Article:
Adding Azure Active Directory Configuration Code and Assemblies into an AngularJS/ASP.NET MVC Application

In a previous post I discussed the process for registering an application with Azure Active Directory (AAD) so that users can be authenticated. AAD supports a wide range of features that can be used to perform authentication, authorization, and claims-based security tasks.

Once an application has been registered with AAD you’ll need to add configuration code into the application’s web.config file, add related NuGet packages, and add custom C# code into the application in order to take advantage of AAD authentication functionality. In Part 3 of an article series I’m writing for I discuss these tasks and walk-through the complete process. Here’s an excerpt from the article.

Integrating AngularJS with Azure Active Directory and Office 365/SharePoint, Part 3 – Adding AAD Configuration and Assemblies into an Application

You can choose from many different techniques to authenticate users in an application. You can build a custom solution using a file or database, you can use Active Directory, you can deploy a third-party solution, or you can use a cloud-based service, to name just a few. Every situation is unique so the authentication choice made really depends upon the requirements of the application. In cases where an application can be used from a variety of locations and devices, a cloud-based authentication solution can work quite well.

Part 2 of this article series showed the process for registering an application with the Azure Active Directory (AAD) cloud service. Once you’ve registered an application, you can configure the Client ID and key created in AAD in your custom application. You can then add AAD assemblies to provide authentication functionality.

In this article, I’ll discuss how to get the necessary configuration and assemblies in place to tie the AngularJS Expense Manager application discussed in Part 1 to AAD so that users can authenticate into Office 365 services. In Part 4 I will provide a walk-through of the code that needs to be added into the application to enable user authentication with AAD.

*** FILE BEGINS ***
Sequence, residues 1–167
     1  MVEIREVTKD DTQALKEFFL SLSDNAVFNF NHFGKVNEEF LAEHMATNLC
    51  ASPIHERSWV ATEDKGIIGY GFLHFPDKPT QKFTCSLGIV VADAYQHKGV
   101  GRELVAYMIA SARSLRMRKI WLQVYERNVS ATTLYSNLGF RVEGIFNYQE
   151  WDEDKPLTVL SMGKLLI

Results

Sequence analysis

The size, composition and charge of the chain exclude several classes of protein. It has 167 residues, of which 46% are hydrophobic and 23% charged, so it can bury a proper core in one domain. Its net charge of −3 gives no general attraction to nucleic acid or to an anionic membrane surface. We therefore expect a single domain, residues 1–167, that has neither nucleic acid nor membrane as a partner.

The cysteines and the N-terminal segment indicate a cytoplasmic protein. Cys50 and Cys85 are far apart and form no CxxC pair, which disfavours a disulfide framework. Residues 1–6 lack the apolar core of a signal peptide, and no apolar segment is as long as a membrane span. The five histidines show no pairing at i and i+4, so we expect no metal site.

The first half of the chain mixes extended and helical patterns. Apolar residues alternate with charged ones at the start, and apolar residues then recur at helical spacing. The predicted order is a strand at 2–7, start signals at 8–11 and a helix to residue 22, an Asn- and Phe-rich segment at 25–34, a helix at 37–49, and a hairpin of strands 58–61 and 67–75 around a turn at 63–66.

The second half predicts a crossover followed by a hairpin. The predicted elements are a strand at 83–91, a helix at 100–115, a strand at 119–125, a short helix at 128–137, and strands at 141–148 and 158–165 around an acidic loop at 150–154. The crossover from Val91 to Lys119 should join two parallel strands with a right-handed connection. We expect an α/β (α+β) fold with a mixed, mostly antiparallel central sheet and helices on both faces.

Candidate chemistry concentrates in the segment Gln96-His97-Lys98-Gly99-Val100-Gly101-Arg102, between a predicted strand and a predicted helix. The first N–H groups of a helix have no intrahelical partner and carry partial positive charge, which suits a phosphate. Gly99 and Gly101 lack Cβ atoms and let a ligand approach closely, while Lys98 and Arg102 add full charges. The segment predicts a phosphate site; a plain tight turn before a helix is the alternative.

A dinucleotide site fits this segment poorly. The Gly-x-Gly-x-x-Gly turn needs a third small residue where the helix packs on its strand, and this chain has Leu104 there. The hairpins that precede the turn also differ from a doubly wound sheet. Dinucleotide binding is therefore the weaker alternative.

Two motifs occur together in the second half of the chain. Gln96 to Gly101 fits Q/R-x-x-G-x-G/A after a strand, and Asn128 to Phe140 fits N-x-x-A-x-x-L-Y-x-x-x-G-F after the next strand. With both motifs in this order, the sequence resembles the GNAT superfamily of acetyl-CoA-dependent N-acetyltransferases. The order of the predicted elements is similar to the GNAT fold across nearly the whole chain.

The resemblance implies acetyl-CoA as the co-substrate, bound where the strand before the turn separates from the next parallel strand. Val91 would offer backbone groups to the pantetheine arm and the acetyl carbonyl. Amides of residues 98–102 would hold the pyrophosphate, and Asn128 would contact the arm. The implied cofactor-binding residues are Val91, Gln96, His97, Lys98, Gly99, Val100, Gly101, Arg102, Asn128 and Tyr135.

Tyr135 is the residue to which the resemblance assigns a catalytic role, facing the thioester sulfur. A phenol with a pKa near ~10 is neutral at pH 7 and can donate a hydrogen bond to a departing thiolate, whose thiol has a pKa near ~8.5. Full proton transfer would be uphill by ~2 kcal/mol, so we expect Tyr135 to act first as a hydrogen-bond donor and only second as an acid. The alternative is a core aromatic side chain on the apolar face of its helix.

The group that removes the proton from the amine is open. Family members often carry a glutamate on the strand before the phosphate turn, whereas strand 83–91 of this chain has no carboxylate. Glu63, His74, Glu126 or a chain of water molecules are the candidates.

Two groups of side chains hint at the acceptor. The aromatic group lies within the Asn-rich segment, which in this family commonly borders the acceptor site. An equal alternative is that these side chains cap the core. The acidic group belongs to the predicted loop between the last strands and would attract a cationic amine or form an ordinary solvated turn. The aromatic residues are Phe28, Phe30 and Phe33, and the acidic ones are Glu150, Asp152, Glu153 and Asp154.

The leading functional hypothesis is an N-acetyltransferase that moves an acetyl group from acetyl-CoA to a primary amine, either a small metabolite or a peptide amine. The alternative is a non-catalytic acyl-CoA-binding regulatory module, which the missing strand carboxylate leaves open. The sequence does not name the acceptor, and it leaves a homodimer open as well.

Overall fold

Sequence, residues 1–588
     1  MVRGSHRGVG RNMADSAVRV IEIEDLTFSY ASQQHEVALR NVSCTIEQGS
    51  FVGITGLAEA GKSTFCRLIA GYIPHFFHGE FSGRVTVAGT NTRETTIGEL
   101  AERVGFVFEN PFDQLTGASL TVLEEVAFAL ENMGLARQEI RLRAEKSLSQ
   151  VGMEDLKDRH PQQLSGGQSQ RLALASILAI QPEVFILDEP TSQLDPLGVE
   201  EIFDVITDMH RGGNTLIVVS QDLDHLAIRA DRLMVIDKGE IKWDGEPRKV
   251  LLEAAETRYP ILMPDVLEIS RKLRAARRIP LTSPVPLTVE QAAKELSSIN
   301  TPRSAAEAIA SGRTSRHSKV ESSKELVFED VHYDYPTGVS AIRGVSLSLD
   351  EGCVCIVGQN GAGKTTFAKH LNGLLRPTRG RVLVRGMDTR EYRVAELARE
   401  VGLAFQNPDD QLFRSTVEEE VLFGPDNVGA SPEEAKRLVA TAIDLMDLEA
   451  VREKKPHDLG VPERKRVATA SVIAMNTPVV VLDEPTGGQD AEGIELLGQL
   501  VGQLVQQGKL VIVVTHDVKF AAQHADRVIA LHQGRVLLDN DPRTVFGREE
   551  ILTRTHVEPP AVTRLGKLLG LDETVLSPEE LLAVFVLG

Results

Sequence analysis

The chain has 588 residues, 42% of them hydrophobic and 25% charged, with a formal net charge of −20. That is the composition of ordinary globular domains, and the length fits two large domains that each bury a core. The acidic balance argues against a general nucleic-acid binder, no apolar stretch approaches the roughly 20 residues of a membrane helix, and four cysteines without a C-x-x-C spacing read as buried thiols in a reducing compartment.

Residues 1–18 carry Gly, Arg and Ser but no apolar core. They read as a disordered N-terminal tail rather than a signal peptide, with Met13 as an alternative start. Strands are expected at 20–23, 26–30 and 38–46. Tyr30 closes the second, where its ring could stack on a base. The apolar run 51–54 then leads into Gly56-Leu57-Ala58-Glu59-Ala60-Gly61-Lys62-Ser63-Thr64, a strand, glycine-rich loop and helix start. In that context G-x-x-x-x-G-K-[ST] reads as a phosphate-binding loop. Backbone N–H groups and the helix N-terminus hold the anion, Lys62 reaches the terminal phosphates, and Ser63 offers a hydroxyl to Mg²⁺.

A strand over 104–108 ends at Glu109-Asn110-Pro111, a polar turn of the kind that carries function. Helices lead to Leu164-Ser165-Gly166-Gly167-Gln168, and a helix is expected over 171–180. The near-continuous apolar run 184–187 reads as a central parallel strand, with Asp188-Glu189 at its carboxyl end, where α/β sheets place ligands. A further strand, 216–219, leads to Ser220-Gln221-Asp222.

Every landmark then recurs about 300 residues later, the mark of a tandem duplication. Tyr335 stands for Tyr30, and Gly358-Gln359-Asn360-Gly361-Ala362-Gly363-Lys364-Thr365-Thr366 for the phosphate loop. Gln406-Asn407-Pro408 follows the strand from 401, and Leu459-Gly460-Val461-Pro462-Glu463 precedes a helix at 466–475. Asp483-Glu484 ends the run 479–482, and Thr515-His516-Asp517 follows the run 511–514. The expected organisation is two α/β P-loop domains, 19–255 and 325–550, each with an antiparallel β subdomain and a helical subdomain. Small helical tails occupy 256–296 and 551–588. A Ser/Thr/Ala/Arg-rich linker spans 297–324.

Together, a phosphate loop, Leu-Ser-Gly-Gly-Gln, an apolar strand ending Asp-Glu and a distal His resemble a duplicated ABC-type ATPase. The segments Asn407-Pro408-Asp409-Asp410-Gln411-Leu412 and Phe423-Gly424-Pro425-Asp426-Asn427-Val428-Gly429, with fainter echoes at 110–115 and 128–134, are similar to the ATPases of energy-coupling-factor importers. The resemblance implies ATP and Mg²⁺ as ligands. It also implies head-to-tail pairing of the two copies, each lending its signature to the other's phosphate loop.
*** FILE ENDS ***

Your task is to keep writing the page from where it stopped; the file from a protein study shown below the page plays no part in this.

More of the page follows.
Let’s start by discussing the assemblies that need to be installed into the application and how you can simplify that process by using NuGet.

Installing the required assemblies using NuGet

Once an application has been registered with AAD (refer to the Part 2 article for step-by-step details on doing that) you can begin the process of integrating AAD authentication into the application. To get started, you’ll need to add several assemblies into your project including some AAD-specific assemblies as well as OWIN assemblies. The AAD assemblies will be used to communicate with AAD while the OWIN assemblies will be used to hook AAD authentication into the custom application. Here’s a step-by-step walkthrough of getting the assemblies into a project.

Create a new ASP.NET MVC application in Visual Studio (the sample application is named “ExpenseManager”). Now select Tools → NuGet Package Manager → Package Manager Console from the Visual Studio menu.

Once the Package Manager Console is open, run the following commands in it to get the necessary assemblies into place as shown in Figure 1.

Use NuGet to install the AAD assemblies to communicate with AAD and the OWIN assemblies to hook AAD authentication into the custom application

Figure 1. Installing NuGet packages using the Package Manager Console.

Type each of the following commands into the command-prompt area and press Enter to install the specific Nuget package:

Install-Package -Id Microsoft.Owin.Host.SystemWeb
Install-Package -Id Microsoft.Owin.Security.Cookies
Install-Package -Id Microsoft.Owin.Security.OpenIdConnect
Install-Package -Id Microsoft.IdentityModel.Clients.ActiveDirectory

After installing the Nuget packages, open the References node in the Solution Explorer and note that several new assemblies have been added that are related to AAD and authentication. Figures 2 and 3 show a few of the assemblies that are added:

AAD-specific assemblies used to communicate with AAD

Figure 2. Assemblies related to AAD.


OWIN assemblies used to hook AAD authentication into the custom application

Figure 3. OWIN assemblies.

Now that the essential assemblies are installed, it’s time to add the application’s AAD Client ID and Key into the application. These values are needed to “hook” the application to AAD.

Note that all of the code that follows is from the Expense Manager application that’s available on the OfficeDev GitHub site.

Read the full article at

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